“Good Rockin' Tonight”
Audiences Meet The Blue Moon Boys, Working Hard, On Tour, “i'm Left, You're Right, She's Gone”“Mystery Train”
By 1956, rock and roll had been established as a musical form. Rock and roll was a fusion of blues and country music, with an emphasis on a big beat (for a while the music was called the Big Beat). In addition, the imagery of such loud music was reinforced by the lyrical content, which often included fast cars, young love, and rebellion. Both the sound and the soul of rock and roll gelled from a series of events that happened throughout 1955. Fats Domino recorded the single “Ain't It a Shame.” Fats Domino had no less than fifty-nine hits on the R & B charts throughout the fifties, thirty-seven of those hits reaching the Top 40 charts. Pat Boone recorded Domino's song as “Ain't That a Shame.” Pat Boone appeared regularly on Arthur Godfrey's popular television show, and that helped to raise public awareness of rock and roll, but it took Elvis Presley to begin the rock and roll revolution.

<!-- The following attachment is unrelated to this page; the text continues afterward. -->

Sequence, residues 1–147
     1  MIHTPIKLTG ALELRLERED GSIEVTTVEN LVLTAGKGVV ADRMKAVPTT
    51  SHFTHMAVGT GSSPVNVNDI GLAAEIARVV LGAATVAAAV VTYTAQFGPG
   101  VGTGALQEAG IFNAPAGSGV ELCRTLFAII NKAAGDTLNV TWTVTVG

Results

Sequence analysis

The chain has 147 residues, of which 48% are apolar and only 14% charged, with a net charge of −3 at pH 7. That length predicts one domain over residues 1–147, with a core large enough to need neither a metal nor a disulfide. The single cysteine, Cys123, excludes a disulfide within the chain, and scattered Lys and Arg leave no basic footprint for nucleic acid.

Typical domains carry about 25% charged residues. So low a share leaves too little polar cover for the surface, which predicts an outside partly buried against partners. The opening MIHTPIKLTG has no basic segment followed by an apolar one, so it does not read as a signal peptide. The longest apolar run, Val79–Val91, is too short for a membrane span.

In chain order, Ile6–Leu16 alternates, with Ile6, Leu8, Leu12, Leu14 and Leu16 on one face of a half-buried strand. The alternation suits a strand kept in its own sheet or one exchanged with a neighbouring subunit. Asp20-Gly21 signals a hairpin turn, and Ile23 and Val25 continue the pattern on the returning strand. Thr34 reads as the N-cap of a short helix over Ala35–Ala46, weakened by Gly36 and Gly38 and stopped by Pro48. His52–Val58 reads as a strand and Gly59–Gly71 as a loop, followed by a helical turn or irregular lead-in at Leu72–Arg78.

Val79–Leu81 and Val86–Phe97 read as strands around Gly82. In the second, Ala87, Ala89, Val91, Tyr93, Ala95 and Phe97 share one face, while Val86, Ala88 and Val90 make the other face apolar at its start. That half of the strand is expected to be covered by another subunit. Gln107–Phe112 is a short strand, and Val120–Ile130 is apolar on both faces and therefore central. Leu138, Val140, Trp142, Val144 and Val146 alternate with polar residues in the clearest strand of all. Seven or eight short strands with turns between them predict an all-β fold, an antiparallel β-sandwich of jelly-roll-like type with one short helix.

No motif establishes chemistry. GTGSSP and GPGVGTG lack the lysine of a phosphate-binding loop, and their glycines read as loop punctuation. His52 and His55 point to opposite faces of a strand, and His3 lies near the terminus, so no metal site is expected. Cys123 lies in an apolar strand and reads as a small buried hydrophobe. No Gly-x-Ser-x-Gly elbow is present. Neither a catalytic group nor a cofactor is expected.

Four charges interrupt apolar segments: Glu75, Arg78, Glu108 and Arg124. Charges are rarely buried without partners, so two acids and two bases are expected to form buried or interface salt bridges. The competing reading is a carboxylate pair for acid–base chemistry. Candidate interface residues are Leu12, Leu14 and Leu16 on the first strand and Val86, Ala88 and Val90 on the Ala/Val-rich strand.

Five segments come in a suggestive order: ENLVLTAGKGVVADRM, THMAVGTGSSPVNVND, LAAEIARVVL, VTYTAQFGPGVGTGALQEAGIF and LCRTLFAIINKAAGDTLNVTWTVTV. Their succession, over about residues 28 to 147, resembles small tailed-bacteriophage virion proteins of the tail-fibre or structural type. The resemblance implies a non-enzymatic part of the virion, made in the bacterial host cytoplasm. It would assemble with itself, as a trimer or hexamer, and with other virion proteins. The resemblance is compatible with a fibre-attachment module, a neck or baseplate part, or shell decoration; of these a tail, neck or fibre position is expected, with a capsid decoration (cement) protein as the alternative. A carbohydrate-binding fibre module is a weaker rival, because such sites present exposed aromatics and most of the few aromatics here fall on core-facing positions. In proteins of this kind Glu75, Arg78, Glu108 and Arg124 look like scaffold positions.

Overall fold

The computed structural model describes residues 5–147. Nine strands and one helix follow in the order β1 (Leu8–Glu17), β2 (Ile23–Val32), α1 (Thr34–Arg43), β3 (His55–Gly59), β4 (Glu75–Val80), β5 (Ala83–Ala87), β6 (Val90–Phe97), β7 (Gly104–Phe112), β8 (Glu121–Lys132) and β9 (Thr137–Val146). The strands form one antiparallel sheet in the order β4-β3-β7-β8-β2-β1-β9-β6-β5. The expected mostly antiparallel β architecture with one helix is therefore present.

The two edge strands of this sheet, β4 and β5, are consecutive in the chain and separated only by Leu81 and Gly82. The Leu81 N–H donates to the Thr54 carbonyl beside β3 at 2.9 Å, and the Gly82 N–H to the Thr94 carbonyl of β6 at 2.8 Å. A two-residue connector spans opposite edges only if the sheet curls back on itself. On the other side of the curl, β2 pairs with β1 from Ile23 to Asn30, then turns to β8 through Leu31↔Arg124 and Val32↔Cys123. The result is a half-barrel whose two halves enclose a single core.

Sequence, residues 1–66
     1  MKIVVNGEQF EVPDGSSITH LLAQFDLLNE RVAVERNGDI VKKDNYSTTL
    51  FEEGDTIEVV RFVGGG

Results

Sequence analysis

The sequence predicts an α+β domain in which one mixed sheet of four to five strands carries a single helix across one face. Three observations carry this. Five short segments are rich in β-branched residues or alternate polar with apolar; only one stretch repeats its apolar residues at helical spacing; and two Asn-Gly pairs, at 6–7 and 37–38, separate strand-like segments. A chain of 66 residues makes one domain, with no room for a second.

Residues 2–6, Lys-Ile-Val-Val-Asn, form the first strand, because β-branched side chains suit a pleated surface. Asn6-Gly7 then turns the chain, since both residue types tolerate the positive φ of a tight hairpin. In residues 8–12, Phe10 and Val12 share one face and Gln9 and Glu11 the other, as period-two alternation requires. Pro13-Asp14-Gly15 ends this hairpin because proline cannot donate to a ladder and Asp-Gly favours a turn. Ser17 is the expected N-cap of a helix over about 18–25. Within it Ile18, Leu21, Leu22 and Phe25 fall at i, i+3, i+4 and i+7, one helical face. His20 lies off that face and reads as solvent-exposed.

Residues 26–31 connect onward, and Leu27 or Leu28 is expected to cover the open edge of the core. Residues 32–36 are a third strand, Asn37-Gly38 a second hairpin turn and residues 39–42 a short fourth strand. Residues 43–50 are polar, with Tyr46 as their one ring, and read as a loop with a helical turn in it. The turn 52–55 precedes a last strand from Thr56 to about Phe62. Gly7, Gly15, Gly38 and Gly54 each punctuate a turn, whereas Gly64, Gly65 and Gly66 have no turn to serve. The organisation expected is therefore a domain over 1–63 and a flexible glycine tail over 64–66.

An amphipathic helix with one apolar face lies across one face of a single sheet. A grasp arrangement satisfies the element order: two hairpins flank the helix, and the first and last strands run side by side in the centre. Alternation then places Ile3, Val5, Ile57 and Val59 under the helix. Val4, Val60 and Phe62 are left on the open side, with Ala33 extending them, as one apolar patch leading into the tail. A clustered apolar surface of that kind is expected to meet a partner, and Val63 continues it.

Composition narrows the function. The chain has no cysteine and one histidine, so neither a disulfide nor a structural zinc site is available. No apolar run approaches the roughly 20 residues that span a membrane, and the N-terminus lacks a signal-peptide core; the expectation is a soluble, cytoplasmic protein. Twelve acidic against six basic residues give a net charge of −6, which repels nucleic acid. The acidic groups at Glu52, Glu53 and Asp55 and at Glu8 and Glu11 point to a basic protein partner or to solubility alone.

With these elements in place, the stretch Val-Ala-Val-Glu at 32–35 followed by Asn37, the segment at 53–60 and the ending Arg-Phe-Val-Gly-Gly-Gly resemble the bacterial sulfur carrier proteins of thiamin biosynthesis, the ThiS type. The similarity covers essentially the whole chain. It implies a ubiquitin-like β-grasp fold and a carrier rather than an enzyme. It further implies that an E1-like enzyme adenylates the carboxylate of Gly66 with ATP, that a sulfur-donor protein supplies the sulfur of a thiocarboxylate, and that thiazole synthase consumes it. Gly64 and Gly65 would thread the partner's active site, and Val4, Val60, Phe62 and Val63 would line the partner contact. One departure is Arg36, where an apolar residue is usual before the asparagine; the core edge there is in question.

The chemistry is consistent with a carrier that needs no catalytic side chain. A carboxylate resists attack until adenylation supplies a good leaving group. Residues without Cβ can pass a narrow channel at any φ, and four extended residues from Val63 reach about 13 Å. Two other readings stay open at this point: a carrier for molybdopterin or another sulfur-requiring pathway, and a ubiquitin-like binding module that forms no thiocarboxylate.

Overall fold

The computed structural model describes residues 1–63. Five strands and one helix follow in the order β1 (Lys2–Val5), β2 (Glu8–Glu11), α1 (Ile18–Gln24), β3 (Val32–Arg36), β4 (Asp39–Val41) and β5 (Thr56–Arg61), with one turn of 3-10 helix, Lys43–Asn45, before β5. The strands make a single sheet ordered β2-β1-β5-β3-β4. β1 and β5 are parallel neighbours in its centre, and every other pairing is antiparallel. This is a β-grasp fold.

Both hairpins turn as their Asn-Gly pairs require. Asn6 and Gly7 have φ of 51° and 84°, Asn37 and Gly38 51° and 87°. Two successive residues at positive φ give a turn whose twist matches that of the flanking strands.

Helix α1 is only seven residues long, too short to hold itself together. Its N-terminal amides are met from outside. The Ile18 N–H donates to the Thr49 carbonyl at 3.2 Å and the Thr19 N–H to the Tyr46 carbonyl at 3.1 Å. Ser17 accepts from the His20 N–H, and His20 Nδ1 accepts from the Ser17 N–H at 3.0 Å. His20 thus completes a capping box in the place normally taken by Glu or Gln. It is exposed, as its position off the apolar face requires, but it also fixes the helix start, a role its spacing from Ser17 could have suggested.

When Elvis got back to Memphis, he went into Sun Studio to record. The first single he recorded was “I Forgot to Remember to Forget.” This was the song that established Elvis's popularity in the country and western market. The B-side was “Mystery Train.” “Mystery Train” reached number one on the country charts in November 1955. It was the last single that Elvis recorded for Sun.
- Elvis on the Rise - Good-bye To Sun, The Man Behind Elvis Presley: Colonel Tom Parker, Recording At Rca
- “That's All Right” - “i Don't Sound Like Nobody”, First Love: Dixie Locke, “without You”, Red Hot And Blue
- “Good Rockin' Tonight” - Audiences Meet The Blue Moon Boys
- “Good Rockin' Tonight” - Working Hard
- “Good Rockin' Tonight” - On Tour
- “Good Rockin' Tonight” - “i'm Left, You're Right, She's Gone”
- “Good Rockin' Tonight” - Girls Go Crazy For Elvis!